On the latest episode of the Politically Speaking podcast, St. Louis Public Radio’s Jason Rosenbaum and Jo Mannies chat with former Missouri state Sen. Jeff Smith about his post-political life — and recent turbulence in Jefferson City. Smith was a rising political star before going to prison for lying to federal investigators.
The former Democratic elected official first came into the public’s eye in 2004, when he narrowly lost a congressional primary to now-former U.S. Rep. Russ Carnahan, D-St. Louis.
Smith rebounded in 2006 when he captured the 4th Senatorial District seat, which encompasses about half of the city of St. Louis. While he was in the legislature, Smith was known for his filibustering ability — and a pragmatic streak that lead to passage of bills instituting “fathering courts” to help men who can’t pay child support.
But Smith’s fortunes took a nosedive in 2009 when he pleaded guilty to lying to federal investigators about a third-party mailer sent out during the 2004 race. After resigning his seat, Smith spent about a year in federal prison. Since he got out, Smith has become a prolific writer and is a frequent guest on cable news shows.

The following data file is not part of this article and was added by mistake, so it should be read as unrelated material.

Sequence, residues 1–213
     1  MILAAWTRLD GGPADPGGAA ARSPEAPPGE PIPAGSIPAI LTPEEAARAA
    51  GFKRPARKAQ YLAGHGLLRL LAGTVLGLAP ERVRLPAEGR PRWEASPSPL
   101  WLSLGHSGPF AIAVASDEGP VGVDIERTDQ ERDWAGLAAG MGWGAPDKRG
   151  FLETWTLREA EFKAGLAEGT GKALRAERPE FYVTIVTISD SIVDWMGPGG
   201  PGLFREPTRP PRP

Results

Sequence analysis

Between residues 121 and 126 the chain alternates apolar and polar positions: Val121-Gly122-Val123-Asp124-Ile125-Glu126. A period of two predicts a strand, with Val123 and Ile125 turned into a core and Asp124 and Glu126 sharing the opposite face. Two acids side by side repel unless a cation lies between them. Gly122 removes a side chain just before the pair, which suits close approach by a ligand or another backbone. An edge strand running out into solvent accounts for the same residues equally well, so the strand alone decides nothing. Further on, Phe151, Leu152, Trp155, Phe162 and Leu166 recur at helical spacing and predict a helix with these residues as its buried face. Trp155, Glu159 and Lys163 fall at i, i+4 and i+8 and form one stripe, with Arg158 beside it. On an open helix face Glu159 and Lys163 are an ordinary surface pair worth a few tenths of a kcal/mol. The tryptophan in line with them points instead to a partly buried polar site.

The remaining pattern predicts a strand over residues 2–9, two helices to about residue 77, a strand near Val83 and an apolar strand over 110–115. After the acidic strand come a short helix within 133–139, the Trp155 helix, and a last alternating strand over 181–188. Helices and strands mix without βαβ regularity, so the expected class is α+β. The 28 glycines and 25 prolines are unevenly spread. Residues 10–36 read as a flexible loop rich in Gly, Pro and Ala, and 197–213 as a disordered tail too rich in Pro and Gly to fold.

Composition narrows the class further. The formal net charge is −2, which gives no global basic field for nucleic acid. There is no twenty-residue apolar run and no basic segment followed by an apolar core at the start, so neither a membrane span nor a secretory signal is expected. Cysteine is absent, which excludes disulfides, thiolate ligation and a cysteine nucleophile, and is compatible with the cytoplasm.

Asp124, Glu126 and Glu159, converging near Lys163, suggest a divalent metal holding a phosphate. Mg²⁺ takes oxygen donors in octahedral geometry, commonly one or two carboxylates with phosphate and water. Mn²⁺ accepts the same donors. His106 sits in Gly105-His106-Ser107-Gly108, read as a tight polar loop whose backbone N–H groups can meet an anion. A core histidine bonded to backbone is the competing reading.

Now living in New Jersey, Smith teaches at the New School. But he still has a hand in Missouri politics, as executive director of a Missouri advocacy group for low-income housing and low-income housing incentives.
During the show, Smith said:
- He’s a business partner with former House Speaker Rod Jetton, a Marble Hill Republican whose personal life crumbled near the end of his legislative service. The two often speak to lawmakers across the country about “ethical dilemmas in public life.”
- Speakers of the Missouri House often get a “sense of invincibility” during their tenure. He contends that position can be more powerful than the governor’s office, especially since the officeholder can single-handedly kill bills.
- House Speaker Todd Richardson, R-Poplar Bluff, is a “fantastic guy” who’s able to intuitively grasp complex issues. While he won’t agree with him on many issues, Smith adds that Richardson has done a great job of “staying grounded” during his legislative service.
- Senate Democrats view the “previous question” as the “nuclear option.” He said he wouldn’t be surprised if Democrats were still upset about Senate leaders' use of the maneuver to pass a "right to work" bill this spring, when they return to the Capitol next year.
- Sen. Scott Sifton, D-Affton, has a chance to galvanize the support from organized labor for his attorney general contest, since he led the Democrats' filibuster over “right to work.” Interestingly, Sifton didn’t receive the backing of the AFL-CIO when he ran for Senate in 2012. (Former Sen. Jim Lembke, R-Lemay, got that endorsement.)
Follow Jason Rosenbaum: @jrosenbaum
Follow Jo Mannies: @jmannies
Follow Jeff Smith: @jeffsmithmo
Music: “NYC” by Interpol